This support is tufted without any difficulty and exhibits all the toughness and deformability properties required for the production of a moldable floor carpet for a motor vehicle.

EXAMPLE 3

A nonwoven sheet of 115 g/m2 of continuous filaments containing 2 types of filaments 2GT 88% and 4GT 12% with counts of 9 and 5 dtex respectively is produced using the process outlined in Example 1.

1.5% of Rhodorsil 47V2000 silicone oil (polydimethylsiloxane with a viscosity of 2,000 mPa s) relative to the weight of 2GT granules is introduced using a metering pump, before the 2GT extruder.

The sheet is needled on a single-stroke needler at a rate of 60 perforations per cm2 with Singer 40-Rb gauge needles with a depth of entry of 14 mm. The sheet is then heat-bonded by running over a perforated drum with air passing through at a temperature of 242 C. with a contact time of 15 seconds, and is then sized with the aid of a calender with metal rolls heated to 230 C., with a gap between the rolls which are preset so as to set the density of the heat-bonded sheet to 0.19, that is to say a thickness of 0.6 mm. This sheet exhibits all the tuftability properties, mechanical properties and dimensional stability for making a support for a floor covering with stitched pile as a strip and capable of being printed with patterns which can be matched from one strip to the next.

EXAMPLE 4

A nonwoven sheet composed of 125 g/m2 continuous filaments and consisting of coaxial filaments whose core is made of polyethylene terephthalate and sheath of polybutylene terephthalate is produced using the process outlined in Example 1.

The core represents 80% of the mass of the coaxial filament and the sheath 20%.

Care will have been taken to introduce 0.8% of a 47V1200 silicone oil (polydimethylsiloxane with a viscosity of 1200 mPa s) relative to the weight of polyester into the 4GT polymer constituting the sheath, this being done at the nozzle of the extruder by means of a volumetric metering device.

The count of the coextruded filaments is 10 dtex.

The nonwoven sheet will then be consolidated under the conditions of Example 3.

The heat-bonded support thus obtained will have all the appearance, mechanical performance, tuftability and stability properties needed for the production of a velvet carpet presented in tile form.

Patent Citations
Cited PatentFiling datePublication dateApplicantTitle
US3193516 *Jan 30, 1962Jul 6, 1965Ici LtdMelt spinning process
US3867188 *Jul 25, 1973Feb 18, 1975Dow CorningSpunbonded nonwoven fabric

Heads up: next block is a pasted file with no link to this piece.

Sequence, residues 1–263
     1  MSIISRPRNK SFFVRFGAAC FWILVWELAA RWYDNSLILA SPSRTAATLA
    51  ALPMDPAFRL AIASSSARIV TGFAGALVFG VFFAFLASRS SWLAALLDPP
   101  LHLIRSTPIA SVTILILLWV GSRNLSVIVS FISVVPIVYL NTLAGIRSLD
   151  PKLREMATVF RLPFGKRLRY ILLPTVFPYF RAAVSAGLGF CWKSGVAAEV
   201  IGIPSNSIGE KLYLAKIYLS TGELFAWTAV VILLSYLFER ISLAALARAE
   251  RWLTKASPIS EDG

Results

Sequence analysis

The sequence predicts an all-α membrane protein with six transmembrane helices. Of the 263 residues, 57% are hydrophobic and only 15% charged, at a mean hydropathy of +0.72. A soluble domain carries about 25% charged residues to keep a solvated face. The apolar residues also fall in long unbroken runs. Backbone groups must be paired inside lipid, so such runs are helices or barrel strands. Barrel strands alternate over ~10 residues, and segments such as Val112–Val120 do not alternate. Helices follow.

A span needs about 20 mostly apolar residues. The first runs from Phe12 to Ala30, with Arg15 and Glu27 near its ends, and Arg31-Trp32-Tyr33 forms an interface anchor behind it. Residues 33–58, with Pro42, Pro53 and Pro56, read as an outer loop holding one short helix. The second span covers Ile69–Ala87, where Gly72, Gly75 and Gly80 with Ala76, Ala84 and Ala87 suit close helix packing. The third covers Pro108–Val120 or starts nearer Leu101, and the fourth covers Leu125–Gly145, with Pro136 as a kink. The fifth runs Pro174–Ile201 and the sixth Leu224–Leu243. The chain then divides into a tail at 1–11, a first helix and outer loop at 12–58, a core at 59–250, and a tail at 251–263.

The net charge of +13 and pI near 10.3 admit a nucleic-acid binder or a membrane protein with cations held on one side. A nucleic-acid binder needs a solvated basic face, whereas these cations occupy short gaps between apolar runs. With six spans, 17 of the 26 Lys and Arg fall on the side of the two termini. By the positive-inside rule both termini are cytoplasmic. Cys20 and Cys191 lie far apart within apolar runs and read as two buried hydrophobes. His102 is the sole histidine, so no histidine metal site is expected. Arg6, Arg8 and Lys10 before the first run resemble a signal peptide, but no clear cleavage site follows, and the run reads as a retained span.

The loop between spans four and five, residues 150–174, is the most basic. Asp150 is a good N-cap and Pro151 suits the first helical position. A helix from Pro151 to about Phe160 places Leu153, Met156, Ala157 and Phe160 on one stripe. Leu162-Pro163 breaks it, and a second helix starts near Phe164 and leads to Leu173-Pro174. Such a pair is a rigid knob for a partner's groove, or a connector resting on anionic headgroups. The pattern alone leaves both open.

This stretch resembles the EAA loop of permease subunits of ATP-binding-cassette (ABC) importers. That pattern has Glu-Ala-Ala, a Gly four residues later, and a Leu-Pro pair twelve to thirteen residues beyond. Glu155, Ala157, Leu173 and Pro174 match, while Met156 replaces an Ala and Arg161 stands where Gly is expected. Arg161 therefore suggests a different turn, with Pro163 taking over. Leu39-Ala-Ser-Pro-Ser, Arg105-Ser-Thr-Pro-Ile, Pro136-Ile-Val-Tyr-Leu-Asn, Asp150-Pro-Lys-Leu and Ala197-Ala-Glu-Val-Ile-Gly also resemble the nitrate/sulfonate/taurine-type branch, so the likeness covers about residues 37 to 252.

US4480009 *Feb 16, 1983Oct 30, 1984M&T Chemicals Inc.Siloxane-containing polymers
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Referenced by
Citing PatentFiling datePublication dateApplicantTitle
US5899785 *Jun 17, 1997May 4, 1999Firma Carl FreudenbergNonwoven lap formed of very fine continuous filaments
US6007892 *Nov 21, 1996Dec 28, 1999The Amtico Company LimitedFloor coverings
US6043168 *Aug 29, 1997Mar 28, 2000Kimberly-Clark Worldwide, Inc.Internal and topical treatment system for nonwoven materials
US6589379May 23, 2000Jul 8, 2003Ivor C. HarwoodFloor coverings
US6689175Feb 12, 2002Feb 10, 2004Milliken & CompanyProcess for enhancing the dyed appearance of a microdenier fabric
US6812172Feb 12, 2002Nov 2, 2004Milliken & CompanyMicrodenier fabric having enhanced dyed appearance
US6863697Feb 8, 2002Mar 8, 2005Milliken & CompanyProcess for enhancing the absorbency of a fabric having conjugate yarns
US20030153229 *Feb 8, 2002Aug 14, 2003Mcdaniel John ScottFabric made from conjugate yarns having enhanced absorbency
US20030157860 *Feb 12, 2002Aug 21, 2003Hayes Heather J.Microdenier fabric having enhanced dyed appearance
WO2014063027A1 *Oct 18, 2013Apr 24, 2014Invista North America S.A.R.L.Thermoplastic-poly (dihydrocarbylsiloxane) compositions, and fibers, and processes for making fibers
Classifications
U.S. Classification428/95, 156/62.4, 428/378, 442/400, 442/415, 264/210.6, 264/211, 428/391
International ClassificationD04H3/147, D04H3/105, D04H3/14, D04H3/10, D04H3/005, D04H3/115, D01F6/92, D01F11/08, D05C17/02, D01F1/10, D01D1/02
Cooperative ClassificationY10T442/697, Y10T428/23979, Y10T442/68, Y10T428/2938, Y10T428/2962, D04H3/115, D04H3/105, D04H3/005, D01F6/62, D01F1/10, D04H3/14, D04H11/00, D04H3/147, D04H3/10
European ClassificationD04H3/005, D04H3/115, D04H3/105, D04H3/147, D04H3/14, D04H11/00, D01F1/10, D04H3/10
Legal Events
DateCodeEventDescription
Feb 13, 1991ASAssignment
Owner name: FREUDENBERG SPUNWEW S.A., A CORP. OF FRANCE, FRAN
Free format text: ASSIGNMENT OF ASSIGNORS INTEREST.;ASSIGNORS:BARAVIAN, JEAN;CHAUBET, OLIVIER;RIBOULET, GEORGES;REEL/FRAME:005607/0320
Effective date: 19910121
Mar 12, 1993ASAssignment
Owner name: FREUDENBERG SPUNWEB S.A., FRANCE
Free format text: CHANGE OF NAME;ASSIGNOR:FREUDENBERG SPUNWEB S.A.;REEL/FRAME:006483/0334
Effective date: 19910611
Feb 11, 1997REMIMaintenance fee reminder mailed
Mar 21, 1997FPAYFee payment
Year of fee payment: 4
Mar 21, 1997SULPSurcharge for late payment
Dec 22, 2000FPAYFee payment
Year of fee payment: 8
Jan 1, 2005FPAYFee payment
Year of fee payment: 12